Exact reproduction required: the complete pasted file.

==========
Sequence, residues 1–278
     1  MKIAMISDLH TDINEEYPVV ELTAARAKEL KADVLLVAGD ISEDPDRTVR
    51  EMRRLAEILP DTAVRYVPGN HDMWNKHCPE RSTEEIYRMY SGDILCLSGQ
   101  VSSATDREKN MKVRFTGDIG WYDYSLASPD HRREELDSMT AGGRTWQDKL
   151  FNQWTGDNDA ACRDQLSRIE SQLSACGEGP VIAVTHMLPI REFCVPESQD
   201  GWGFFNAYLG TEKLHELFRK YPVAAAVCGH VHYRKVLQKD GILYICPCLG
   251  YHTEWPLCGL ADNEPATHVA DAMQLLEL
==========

Sequence, residues 1–278
     1  MKIAMISDLH TDINEEYPVV ELTAARAKEL KADVLLVAGD ISEDPDRTVR
    51  EMRRLAEILP DTAVRYVPGN HDMWNKHCPE RSTEEIYRMY SGDILCLSGQ
   101  VSSATDREKN MKVRFTGDIG WYDYSLASPD HRREELDSMT AGGRTWQDKL
   151  FNQWTGDNDA ACRDQLSRIE SQLSACGEGP VIAVTHMLPI REFCVPESQD
   201  GWGFFNAYLG TEKLHELFRK YPVAAAVCGH VHYRKVLQKD GILYICPCLG
   251  YHTEWPLCGL ADNEPATHVA DAMQLLEL